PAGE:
This love is shown in the power of the Holy Spirit in the life of the Christian, to guard and to guide us on our journey.

 

So spare a thought for all those preachers up and down the country on Trinity Sunday who will tell their listeners that it’s impossible to explain the Trinity… as we then go to attempt to do just that!

 

It’s good to wrestle with the mysteries of our faith, but it’s far better to go beyond explanation to experience those good things God offers us here and now.

Would you rather have a book that explains what love is, or would you rather love and be loved?

Because Christianity is not merely a set of beliefs or a bunch of rules but a relationship with the living God who loves you.

 

May the love of the Father, the peace of the Son, and the power of the Spirit be with now and always.

Phil

May 2017

Excuse me while I have a little rant.

I bought a book  a week or so ago, paid for it and as the assistant handed it to me I said, 'Thank you'. He replied ' No worries'.

What? No worries? Of course there are no worries! I'm buying a book not negotiating a peace deal for the Middle East.

A simple transaction is the least of my worries. No worries indeed!

The correct reply is 'You're welcome'.

 

Every morning I get up, make a cup of coffee and switch on the radio and catch up on the news. Usually it's mostly doom and gloom.

What a way to start the day. As if I didn't have enough to worry about.

 

The problem these days with rolling news and mass communication is, there's plenty to worry about.

Donald Trump in the White House and the Brexit negotiations,

the international situation, terrorism, the economy …and if that's not  enough there's the next bill to drop through the letterbox, and the car is due its MOT.

 

Some people's lives seem to roll along so easily. Nothing seems to faze them or bother them. Their rule of life is, no worries.

I have a friend like that. Any problem no matter how bad, its 'Ah, don't worry'. There are times I could quite happily strangle him, because if you’re a worrier there’s a worry for every age and occasion. And if you find you have nothing to worry about, that's worrying.

 

Of course we have concerns about family and friends and ourselves, and yes, there are times and those awful situations where our worry is natural and justified, where the future, always uncertain, is dark and seems to hold no hope. But generally, worry accomplishes nothing.  Can any situation be changed by worrying about it? No. And what’s more it can even make things worse. It can take  up all out thought, time and energy. Its like something we chew and chew but can neither swallow or spit out.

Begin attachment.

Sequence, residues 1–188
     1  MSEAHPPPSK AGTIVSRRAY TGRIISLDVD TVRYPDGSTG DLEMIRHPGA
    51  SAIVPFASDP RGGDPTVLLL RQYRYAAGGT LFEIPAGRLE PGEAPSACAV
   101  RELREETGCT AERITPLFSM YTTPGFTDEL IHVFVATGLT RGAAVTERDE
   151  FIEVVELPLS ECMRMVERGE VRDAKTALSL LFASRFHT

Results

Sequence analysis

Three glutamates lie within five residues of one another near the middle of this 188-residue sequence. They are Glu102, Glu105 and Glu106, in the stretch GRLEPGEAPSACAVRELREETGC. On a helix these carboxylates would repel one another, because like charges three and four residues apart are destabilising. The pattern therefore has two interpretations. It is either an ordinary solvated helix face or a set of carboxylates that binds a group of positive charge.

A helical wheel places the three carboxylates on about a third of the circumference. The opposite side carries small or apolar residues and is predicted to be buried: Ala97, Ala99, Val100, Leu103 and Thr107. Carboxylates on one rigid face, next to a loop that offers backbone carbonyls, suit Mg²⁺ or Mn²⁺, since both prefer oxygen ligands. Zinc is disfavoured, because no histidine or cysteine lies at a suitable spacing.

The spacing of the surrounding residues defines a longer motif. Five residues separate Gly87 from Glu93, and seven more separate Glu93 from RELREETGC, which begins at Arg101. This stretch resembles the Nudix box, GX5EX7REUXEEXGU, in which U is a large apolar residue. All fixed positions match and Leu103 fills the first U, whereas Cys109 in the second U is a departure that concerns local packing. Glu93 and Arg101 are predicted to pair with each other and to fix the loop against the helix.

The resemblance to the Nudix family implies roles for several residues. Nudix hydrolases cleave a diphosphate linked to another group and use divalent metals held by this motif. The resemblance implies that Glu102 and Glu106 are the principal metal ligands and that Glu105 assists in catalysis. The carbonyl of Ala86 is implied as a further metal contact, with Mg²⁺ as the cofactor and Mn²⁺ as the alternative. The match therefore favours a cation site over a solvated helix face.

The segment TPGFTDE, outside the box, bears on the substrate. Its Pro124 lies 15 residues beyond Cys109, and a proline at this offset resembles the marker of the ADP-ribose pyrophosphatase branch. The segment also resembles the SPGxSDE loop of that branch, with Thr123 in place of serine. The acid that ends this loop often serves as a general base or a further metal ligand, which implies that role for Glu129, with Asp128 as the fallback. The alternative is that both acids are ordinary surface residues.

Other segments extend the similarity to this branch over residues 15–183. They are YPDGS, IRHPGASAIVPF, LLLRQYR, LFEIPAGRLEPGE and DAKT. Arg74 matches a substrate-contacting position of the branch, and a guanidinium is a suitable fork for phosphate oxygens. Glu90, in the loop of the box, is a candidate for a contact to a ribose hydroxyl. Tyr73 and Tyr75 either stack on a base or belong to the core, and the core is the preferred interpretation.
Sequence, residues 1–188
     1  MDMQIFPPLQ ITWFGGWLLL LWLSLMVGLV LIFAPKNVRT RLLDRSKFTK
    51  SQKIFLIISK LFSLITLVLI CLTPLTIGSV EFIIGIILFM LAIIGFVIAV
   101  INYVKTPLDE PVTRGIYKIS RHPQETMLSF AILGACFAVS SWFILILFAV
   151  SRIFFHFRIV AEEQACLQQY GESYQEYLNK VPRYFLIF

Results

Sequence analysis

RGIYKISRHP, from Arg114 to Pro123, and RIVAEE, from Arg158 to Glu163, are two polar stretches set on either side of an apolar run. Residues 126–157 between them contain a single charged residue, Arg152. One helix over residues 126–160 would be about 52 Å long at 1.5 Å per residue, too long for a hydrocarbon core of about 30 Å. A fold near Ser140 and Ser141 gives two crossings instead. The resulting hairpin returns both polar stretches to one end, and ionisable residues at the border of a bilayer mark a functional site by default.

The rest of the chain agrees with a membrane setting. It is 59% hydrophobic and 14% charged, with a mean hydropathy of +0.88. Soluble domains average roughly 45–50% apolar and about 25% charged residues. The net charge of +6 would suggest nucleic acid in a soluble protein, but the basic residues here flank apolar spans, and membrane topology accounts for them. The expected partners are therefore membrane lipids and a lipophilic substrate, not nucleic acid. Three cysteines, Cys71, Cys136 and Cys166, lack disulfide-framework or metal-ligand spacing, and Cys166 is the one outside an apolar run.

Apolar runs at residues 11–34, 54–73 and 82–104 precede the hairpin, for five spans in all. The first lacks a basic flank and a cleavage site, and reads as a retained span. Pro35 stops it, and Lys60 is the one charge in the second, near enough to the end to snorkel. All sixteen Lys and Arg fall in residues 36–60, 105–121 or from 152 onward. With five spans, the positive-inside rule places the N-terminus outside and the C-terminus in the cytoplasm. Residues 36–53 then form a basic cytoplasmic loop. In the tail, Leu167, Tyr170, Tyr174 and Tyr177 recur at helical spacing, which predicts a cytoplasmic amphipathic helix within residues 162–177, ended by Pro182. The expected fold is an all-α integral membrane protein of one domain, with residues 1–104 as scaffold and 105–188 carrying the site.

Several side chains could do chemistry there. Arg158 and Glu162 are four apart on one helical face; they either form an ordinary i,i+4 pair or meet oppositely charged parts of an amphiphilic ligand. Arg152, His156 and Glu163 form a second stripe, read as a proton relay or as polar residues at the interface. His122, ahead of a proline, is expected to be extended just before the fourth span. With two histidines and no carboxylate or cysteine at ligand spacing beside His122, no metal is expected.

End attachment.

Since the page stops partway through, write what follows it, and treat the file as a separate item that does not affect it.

The Bible does not give us an unreal picture of life. Rather it recognises life as it really is with our sufferings and struggling,  but it reminds us that in all those situations  God offers us strength here and now, and a sure  hope for the future.

 

Jesus said  Can any one of you by worrying add a single hour to your life?*  

 

These words aren’t just happy little platitudes or religious clichés. This the man who prayed in agony in the Garden of Gethsemane before he was arrested and crucified.

We see times of pain and trouble in Jesus life and in those times he prays and when he could, he did something about it.

Above all he trusted in God to get him through and bring good even out of the worst of times. Jesus did indeed suffer and die on that cross, but the love and power of God is greater than death itself and Jesus was raised, and offers us a share in that resurrection.

 

Can any one of us by worrying add a single hour to our lives?

Of course not. There arethough, those things which concern us, and often, rightly so

But worry is a waste of time. It steals our joy and keeps us busy doing nothing. Better perhaps to have a bit of faith and trust our future to God who's love will see us through today, whatever tomorrow might bring, and for all eternity.

It's worth noting that the phrase ' don’t worry'  appears 365 times in the Bible, one for every day of the year.

 

May God grant you trust in him that you might know peace, and a sure hope for the future

 ​

*Matthew 6:27

Phil

 

 

April 2017 - Easter

I'm not much of a gambler. Apart from the odd raffle ticket and a one pint wager with a friend on the result of a particular football game I just don't  gamble. It's not a moral choice, but having worked some years ago as a bookies runner, I just don’t have enough faith in any nag in the 3:30 at Kempton Park to risk my hard earned cash.

I know a few people who enjoy it though, with all the anticipation, the uncertainty, and the hope.

Like some other things, gambling can become a problem and in extreme cases, an addiction and so we are all urged to gamble responsibly.

 

Then there are those who gamble on their own particular skills and enjoy ‘extreme sports’ such as  snowboarding down mountains, bungee jumping or motor racing.